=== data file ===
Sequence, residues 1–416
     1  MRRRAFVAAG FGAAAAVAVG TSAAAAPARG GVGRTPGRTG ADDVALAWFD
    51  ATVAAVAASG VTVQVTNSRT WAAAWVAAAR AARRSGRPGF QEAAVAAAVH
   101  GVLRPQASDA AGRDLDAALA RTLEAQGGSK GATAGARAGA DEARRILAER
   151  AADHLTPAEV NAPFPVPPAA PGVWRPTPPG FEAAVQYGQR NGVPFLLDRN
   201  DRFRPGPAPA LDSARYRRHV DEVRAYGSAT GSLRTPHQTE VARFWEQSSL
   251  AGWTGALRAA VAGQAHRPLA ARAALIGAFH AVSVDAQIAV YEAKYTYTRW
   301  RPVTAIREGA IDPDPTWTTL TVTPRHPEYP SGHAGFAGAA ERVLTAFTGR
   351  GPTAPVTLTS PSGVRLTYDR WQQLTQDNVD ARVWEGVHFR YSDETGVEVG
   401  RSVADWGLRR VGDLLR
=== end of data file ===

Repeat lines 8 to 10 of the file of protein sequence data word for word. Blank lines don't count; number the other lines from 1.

   301  RPVTAIREGA IDPDPTWTTL TVTPRHPEYP SGHAGFAGAA ERVLTAFTGR
   351  GPTAPVTLTS PSGVRLTYDR WQQLTQDNVD ARVWEGVHFR YSDETGVEVG
   401  RSVADWGLRR VGDLLR